Here Denzel Washington underplays the part of the officer to the point of perfection, yet the story-line is much more of a postmodern twist, involving corporate geopolitical ambitions for a Halliburton-like firm who tries to use the brainwashing during the Gulf War of 1991 to ensnare and brainwash the sleeper agent (played well here by Liev Schreiber, once again the scion of a wealthy, influential, and politically star-crossed family). Meryl Streep plays against type as a brash and arrogant neoconservative senator who uses her bully pulpit to spew imperialistic venom. There are many contemporary touches and twists to the script and the plot that make this a quite artful, albeit obviously fictional, philosophical diatribe on the state of current American politics seen through the eyes of Hollywood intellectuals (or is that a contradiction in terms?).
All that said, there is indeed much beyond these blatant attempts to examine the current state of the American polity to recommend the film for your entertainment. It is a forceful and mind-expanding whirlwind ride through the threats we face both within and without our borders, and it offers a number of interesting and diverting scenes of people swept up by and then caught helplessly within the crosshairs of circumstances way out of his or her control, and in that sense is a timeless statement of how much the particulars describing each of our lives depend in the unique set of historical circumstances we find ourselves enmeshed within. This is quite a rollercoaster ride, and one I highly recommend for your viewing entertainment. Enjoy!
The Manchurian Canddiate (2004)
The Tweeder | Indianapolis, Indiana | 01/01/2006
(3 out of 5 stars)
"Director: Jonathan Demme
Cast: Denzel Washington, Meryl Streep, Liev Schreiber, Jeffrey Wright, Kimberly Elise, Anthony Mackie, Adam LeFevre, Ann Dowd, Simon McBurney.
Running Time: 129 minutes
Rated R for violence and some language.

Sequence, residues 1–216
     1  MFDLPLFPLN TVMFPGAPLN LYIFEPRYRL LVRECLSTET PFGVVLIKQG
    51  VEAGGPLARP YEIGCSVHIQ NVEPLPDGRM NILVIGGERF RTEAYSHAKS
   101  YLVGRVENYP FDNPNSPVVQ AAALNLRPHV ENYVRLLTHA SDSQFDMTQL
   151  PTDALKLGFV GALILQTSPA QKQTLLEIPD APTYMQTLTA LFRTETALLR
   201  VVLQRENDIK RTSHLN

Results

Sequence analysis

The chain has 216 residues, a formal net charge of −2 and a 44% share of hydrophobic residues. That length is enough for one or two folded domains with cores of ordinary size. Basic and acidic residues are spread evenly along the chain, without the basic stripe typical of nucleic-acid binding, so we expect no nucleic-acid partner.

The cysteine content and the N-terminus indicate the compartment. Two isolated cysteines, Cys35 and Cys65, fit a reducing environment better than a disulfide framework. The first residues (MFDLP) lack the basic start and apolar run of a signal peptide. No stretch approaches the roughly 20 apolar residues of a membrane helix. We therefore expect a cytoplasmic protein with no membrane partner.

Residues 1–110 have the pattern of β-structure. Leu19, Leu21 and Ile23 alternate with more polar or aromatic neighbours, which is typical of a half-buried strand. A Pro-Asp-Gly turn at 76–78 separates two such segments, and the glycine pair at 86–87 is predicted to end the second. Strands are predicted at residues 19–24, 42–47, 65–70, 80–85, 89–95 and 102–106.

"The Manchurian Candidate" is "Silence of the Lambs" director Jonathan Demme's remake attempt at the 1962 classic. In the new film, the villainous force isn't Communism, but capitalism, or more specifically, a vaguely defined corporate entity that hopes to rule the world. As such, in giving us a generic corporate villain, the film has all the gravity of a James Bond adventure. The change is revealing in that it shows the political correctness of Hollywood thinking (in not wishing to slur any ethnic group, or for that matter any specific political party), plus it shows the lack of creative thinking in Hollywood (by playing it safe and trite with the usual stereotypical band of rich, white, male Western capitalists as the baddies). Denzel Washington plays Colonel Ben Marco, who we first meet delivering a speech to a Boy Scout troop about his experiences in the first Gulf War, and how Congressman Raymond Shaw (Liev Schreiber, who deserves an Oscar nomination for Best Supporting Actor) saved his platoon from an enemy attack. Marco, we soon discover, has been having mysterious dreams that say otherwise. Dreams of torture, medical experimentation, brainwashing, and murder. He is motivated to investigate the dream when he finds out from a former platoon mate (Jeffrey Wright) that he's not alone in wondering what really happened that night. Meanwhile, Raymond Shaw has just been positioned as his party's reluctant nominee for Vice-President of the United States thanks to the machinations of his nightmarish mother (Meryl Streep), who is a US senator. Marco visits Shaw and tries to get Shaw's help in figuring out what happened, but Shaw is reluctant to get involved. he suspects Marco is insane. Little does he know, his mind is being controlled by the very same people Marco's been dreaming about.